Alex Smith's tenure as a 49er appears to be all but over after the 2012 season.
Smith has been at the center of many controversies during his tenure in San Francisco, and before being benched for second-year quarterback Colin Kaepernick, he had always found a way to regain his starting job.
It looks to be impossible for that to happen once more.
A shoulder injury forced Smith to miss most of 2007 and all of 2008 and stained the relationship Smith had with then-head coach Mike Nolan. In 2010, Smith again seemed ready for a change of scenery following the Mike Singletary era, but when the 49ers signed Jim Harbaugh as their head coach, Smith was inclined to return on a one-year contract.
In 2011, Smith enjoyed his best season at the NFL level, throwing for over 3,000 yards and 17 touchdown passes with a quarterback rating of 90.7. His signature game came in the playoffs, when he masterminded a tremendous comeback at home against Drew Brees and the favored New Orleans Saints.
In some ways, Smith's quarterback controversy under Harbaugh first started the following offseason, when Harbaugh took interest in Peyton Manning. Whether or not Manning, who eventually signed with the Denver Broncos, ever would have signed with San Francisco is unknown, but the fact that Harbaugh showed at least some interest in the future Hall of Fame quarterback gave many the impression that Smith's days as a 49er were numbered.
Despite the issue, Smith signed a three-year deal with San Francisco; a contract laden with options allowing the 49ers to back out each year. Even though the contract's terms hinted that the 49ers may be interested in ending their relationship with Smith at any time, Alex seemed poised to help guide the team towards the playoffs again in 2012.
Then came his concussion on November 11th against the St. Louis Rams.
Before that point, Smith seemed poised for another solid year to back up his efforts in 2011. His completion rate was the highest in his career and his quarterback rating was 104.1, certainly statistics that would make a substitution at the position hard to justify.
When Kaepernick took over, and then started again the following week against the Chicago Bears, Smith had to assume that he would again start once he had been cleared to play.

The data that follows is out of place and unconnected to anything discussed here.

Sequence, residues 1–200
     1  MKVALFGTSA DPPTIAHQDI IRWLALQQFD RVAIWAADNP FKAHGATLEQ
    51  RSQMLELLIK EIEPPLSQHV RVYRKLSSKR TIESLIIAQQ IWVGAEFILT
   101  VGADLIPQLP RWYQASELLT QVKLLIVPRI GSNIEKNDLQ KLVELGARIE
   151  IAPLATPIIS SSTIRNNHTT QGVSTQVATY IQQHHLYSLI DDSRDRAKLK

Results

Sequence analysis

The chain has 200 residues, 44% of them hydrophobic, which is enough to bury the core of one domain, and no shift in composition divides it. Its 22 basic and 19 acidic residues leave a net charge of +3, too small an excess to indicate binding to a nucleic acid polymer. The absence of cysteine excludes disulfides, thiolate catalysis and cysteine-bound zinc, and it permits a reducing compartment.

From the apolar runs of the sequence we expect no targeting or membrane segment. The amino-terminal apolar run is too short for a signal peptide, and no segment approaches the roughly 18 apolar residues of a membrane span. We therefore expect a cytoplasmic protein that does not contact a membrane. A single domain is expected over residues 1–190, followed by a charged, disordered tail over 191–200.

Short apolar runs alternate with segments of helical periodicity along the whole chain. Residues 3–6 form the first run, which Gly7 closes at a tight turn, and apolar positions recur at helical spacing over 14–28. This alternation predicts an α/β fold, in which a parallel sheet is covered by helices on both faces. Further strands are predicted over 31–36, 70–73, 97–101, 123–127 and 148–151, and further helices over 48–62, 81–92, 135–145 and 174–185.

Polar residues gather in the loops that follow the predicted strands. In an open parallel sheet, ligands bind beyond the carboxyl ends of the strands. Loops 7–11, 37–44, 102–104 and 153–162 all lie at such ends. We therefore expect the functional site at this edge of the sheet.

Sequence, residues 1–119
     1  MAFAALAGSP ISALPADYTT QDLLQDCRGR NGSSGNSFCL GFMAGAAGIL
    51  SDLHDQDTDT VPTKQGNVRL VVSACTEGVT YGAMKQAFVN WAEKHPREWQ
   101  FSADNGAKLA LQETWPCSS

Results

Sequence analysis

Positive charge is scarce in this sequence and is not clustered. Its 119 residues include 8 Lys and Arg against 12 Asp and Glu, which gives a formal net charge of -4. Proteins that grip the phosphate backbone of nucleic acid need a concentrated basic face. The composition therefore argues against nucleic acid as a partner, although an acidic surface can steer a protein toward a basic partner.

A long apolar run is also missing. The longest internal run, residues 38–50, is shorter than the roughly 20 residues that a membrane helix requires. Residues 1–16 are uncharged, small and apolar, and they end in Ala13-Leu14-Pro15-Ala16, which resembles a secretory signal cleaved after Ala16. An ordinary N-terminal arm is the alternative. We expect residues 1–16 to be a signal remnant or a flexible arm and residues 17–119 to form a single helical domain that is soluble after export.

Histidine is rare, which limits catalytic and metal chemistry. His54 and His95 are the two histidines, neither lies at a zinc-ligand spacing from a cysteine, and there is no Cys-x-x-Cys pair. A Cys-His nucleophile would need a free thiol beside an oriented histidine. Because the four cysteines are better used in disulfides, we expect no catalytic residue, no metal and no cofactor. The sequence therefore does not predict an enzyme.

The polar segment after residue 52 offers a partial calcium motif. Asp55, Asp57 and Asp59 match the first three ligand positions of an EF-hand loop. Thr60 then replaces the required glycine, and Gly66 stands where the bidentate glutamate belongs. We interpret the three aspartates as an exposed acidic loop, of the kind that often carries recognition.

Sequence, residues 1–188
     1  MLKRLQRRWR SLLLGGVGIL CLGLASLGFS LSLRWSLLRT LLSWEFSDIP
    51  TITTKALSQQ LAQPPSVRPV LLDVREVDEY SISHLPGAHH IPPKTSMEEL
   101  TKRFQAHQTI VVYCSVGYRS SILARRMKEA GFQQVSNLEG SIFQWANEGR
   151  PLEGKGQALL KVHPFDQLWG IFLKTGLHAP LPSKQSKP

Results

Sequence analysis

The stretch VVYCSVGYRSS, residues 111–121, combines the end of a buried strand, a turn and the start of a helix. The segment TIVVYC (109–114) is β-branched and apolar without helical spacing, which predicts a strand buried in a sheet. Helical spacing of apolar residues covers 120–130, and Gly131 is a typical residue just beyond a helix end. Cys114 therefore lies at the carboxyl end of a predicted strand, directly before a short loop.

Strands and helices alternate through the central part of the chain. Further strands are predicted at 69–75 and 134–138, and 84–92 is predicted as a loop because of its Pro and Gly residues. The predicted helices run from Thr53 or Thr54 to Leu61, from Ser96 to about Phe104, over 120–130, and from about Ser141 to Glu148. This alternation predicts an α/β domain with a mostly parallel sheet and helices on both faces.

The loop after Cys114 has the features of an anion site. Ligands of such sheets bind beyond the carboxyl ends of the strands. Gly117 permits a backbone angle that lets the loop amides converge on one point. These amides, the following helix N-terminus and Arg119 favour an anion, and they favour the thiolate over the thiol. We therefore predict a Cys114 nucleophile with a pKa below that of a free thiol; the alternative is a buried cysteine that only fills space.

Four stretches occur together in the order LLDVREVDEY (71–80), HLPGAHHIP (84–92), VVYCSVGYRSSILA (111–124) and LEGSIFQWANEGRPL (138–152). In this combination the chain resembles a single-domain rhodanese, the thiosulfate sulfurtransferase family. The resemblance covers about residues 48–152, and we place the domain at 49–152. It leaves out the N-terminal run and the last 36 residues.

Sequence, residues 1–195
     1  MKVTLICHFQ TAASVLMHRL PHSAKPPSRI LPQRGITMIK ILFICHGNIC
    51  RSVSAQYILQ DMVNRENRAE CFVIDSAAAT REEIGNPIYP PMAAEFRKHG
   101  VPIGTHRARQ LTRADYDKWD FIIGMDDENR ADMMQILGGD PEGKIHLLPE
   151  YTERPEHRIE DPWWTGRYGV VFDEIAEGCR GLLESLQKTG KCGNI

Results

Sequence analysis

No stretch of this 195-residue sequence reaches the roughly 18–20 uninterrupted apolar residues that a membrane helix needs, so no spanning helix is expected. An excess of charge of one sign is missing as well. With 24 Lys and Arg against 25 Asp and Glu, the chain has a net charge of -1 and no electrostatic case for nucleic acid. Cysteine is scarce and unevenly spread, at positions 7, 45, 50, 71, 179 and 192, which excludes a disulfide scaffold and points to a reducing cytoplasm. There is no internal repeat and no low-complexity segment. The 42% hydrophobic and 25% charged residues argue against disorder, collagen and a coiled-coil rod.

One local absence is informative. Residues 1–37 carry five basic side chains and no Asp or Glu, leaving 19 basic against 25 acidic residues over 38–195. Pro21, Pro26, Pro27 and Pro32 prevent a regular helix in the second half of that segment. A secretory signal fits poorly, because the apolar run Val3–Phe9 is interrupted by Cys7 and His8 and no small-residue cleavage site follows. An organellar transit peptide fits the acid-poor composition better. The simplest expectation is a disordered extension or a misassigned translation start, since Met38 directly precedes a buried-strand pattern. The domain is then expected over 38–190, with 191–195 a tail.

Harbaugh felt differently.
It is hard to argue with Harbaugh's decision. Kaeperick's raw talent, highlighted by his stronger arm as well as his rushing abilities, is superior to that of Smith. Those talents helped the 49ers beat the Saints on the road in Week 12 following the Bears win. The one factor in question was whether or not Kaepernick's experience, or lack thereof, would be a factor.
Kaepernick has shown, however, that he has what it takes to learn from each game. Veteran tight end Delanie Walker told 49ers.com, "He’s getting comfortable week-by-week and he’s just going to keep getting comfortable as the season goes.”
Should the 49ers try and retain Alex Smith in 2013?
For Smith, Kaepernick's confidence and abilities may very well mean the end of an era.
Smith publicly stated that he was upset at having lost his job because of a concussion. Having felt that he did nothing else that justified him losing his job, Smith even hinted at his own uncertainty with the team. "I have no idea what's going to happen from here. All I can do now is just prepare and get ready," Smith told the Associated Press (via CBS St. Louis).
A change of scenery may very well be the best thing for Alex Smith. All signs point to Kaepernick as being the future of the 49ers. Smith unquestionably wants to start and there are plenty of teams looking for quarterback help.
For the 49ers, holding on to Smith as a backup makes little sense. He is set to make at least $7.5 million in 2013 plus incentives. That is a pretty expensive backup. Trading Alex Smith is also a plausible scenario, but given the nature of his contract, the 49ers may be better off simply cutting him. If the 49ers were able to do that before the April 1st deadline, they would owe only $1 million of his base salary (per Niners Nation).
Of course, San Francisco could try and trade him, but if there is little or no market for Smith, the 49ers would be losing another million in dead money.
San Francisco would love to spend the money saved on letting Smith go to sign one or more of its current starting players to an extension. Safety Dashon Goldson may be the benefactor here.
Regardless of the details, the 49ers have made a statement about where they want to go from this point. Kaepernick is their quarterback of the future and Smith shall be shown the door at the end of the season.
For Smith, it is an opportunity to put a controversial and difficult phase of his career behind him and move forward. He's probably felt this way before, but this time, it is for real.
It is a dirty business, but such is football.